Spirituality and Religiosity in Adolescents Living With Sickle Cell Disease

Dora Clayton-Jones*, Kristin Haglund, Ruth Ann Belknap, Jame Schaefer, Alexis A. Thompson

*Corresponding author for this work

Research output: Contribution to journalArticlepeer-review

24 Scopus citations


This study purports to address paucity in the literature regarding how adolescents with sickle cell disease (SCD) describe and experience spirituality and religiosity (S/R). This was a qualitative descriptive study. Two semi-structured interviews were conducted with nine adolescents (Mage = 16.2 years). Data were analyzed using a template analysis style and a concurrent analysis process of data reduction. Three major themes encompassed the participants’ descriptions of the relationships between S/R, health and illness in their lives including S/R as sources for coping, influence of S/R beliefs on health and illness, and sharing S/R with Health Care Providers (HCPs). S/R as coping mechanisms included six threads: interconnecting with God, interconnecting with others, interconnecting with creative arts, scriptural metanarratives, transcendent experiences, and acceptance and finding meaning. Expectations of health providers included two threads: Religiosity is private/personal and sharing spiritual and religious beliefs is risky. S/R are particularly salient for adolescents with SCD.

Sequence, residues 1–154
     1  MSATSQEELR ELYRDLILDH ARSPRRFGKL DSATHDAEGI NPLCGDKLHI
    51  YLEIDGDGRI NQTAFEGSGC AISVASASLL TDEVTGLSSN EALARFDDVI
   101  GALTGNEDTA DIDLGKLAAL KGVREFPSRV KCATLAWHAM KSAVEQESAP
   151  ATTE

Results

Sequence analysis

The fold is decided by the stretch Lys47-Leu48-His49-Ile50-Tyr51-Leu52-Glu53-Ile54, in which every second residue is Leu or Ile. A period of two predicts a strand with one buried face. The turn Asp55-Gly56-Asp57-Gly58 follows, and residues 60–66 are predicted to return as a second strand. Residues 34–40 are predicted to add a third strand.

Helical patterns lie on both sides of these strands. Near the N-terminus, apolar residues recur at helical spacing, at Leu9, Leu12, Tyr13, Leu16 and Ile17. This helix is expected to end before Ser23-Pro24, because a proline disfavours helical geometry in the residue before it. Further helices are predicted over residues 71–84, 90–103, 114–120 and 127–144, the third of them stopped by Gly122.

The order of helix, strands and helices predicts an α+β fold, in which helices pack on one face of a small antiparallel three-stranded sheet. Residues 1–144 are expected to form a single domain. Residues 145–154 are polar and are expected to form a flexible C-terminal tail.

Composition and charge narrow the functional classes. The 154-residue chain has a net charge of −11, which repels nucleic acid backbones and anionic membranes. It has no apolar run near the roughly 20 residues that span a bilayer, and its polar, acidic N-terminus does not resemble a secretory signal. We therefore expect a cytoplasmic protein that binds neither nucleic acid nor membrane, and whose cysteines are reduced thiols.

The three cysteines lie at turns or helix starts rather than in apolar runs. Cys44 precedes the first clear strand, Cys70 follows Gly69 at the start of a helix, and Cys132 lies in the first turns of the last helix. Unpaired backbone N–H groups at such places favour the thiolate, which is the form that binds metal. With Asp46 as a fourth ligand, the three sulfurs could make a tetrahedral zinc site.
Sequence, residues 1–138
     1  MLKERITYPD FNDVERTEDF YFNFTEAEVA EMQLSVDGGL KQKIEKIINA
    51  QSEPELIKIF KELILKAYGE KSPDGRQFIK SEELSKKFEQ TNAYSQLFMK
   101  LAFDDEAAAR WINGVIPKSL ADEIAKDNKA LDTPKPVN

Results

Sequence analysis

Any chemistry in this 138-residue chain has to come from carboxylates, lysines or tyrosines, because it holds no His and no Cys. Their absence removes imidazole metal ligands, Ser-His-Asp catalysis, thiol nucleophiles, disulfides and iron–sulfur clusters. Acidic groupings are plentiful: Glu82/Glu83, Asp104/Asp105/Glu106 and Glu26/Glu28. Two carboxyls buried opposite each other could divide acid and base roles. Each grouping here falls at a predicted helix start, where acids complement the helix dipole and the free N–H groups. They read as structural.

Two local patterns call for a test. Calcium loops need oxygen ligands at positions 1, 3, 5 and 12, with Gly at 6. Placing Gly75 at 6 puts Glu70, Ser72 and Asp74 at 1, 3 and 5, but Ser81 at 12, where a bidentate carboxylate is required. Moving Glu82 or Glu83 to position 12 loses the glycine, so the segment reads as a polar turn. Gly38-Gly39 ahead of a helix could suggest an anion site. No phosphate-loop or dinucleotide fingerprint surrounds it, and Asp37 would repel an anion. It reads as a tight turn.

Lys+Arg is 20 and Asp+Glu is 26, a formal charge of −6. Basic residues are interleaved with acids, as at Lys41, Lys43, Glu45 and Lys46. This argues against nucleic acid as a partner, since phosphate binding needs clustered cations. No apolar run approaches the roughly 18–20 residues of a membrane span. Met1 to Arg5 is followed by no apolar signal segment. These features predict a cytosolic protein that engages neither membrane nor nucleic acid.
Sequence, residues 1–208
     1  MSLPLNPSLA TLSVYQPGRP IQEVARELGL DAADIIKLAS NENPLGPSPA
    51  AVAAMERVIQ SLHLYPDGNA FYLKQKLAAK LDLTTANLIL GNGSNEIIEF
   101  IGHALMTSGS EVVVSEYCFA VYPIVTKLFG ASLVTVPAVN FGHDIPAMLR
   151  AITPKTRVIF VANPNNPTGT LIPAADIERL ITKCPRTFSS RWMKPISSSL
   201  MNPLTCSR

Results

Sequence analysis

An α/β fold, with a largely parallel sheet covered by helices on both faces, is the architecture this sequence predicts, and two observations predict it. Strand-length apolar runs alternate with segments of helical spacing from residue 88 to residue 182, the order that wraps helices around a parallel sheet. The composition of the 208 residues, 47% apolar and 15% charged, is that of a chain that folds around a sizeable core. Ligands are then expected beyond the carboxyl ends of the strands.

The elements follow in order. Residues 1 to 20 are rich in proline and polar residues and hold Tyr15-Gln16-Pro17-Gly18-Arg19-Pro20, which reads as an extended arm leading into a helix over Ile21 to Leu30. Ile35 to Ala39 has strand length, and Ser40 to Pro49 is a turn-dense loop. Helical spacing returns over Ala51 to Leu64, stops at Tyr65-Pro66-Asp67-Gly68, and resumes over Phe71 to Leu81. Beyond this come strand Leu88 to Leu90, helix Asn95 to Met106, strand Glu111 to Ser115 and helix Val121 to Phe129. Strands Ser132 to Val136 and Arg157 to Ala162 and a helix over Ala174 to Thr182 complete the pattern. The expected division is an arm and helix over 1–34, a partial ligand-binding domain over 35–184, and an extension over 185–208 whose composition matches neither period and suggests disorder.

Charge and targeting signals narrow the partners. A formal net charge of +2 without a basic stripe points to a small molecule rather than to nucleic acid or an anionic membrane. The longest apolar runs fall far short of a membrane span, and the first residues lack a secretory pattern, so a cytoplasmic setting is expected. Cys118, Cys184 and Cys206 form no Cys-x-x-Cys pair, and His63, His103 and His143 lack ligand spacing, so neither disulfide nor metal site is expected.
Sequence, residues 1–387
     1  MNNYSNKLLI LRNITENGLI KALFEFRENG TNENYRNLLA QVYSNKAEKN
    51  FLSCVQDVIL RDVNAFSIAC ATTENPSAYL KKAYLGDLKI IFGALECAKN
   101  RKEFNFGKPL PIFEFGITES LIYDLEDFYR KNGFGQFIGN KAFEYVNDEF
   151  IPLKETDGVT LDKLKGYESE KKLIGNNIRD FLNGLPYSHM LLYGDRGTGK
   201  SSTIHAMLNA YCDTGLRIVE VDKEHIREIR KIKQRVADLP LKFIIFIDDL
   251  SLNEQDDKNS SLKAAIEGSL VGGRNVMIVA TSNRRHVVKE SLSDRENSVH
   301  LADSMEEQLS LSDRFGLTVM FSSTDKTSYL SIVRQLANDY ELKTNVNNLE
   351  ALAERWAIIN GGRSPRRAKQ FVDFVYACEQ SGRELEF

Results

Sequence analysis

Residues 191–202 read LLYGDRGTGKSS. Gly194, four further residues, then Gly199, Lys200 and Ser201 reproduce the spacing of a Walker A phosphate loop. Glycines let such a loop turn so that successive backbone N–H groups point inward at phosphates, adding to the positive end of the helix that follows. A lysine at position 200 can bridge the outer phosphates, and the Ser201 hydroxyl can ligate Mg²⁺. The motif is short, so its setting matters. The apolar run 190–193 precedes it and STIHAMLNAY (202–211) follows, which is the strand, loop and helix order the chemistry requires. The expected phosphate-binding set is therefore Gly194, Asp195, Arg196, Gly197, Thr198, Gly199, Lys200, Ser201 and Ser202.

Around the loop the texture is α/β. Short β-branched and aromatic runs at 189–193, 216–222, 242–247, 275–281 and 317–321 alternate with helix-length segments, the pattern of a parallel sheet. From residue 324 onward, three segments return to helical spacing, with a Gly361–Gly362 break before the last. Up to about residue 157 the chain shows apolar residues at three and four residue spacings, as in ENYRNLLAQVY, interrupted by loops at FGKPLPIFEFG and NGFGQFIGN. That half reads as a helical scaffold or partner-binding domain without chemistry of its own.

Original languageEnglish (US)
Pages (from-to)686-703
Number of pages18
JournalWestern Journal of Nursing Research
Issue number6
StatePublished - Jun 2015


  • adolescent
  • pediatrics
  • religiosity
  • sickle cell disease
  • spirituality

ASJC Scopus subject areas

  • General Nursing


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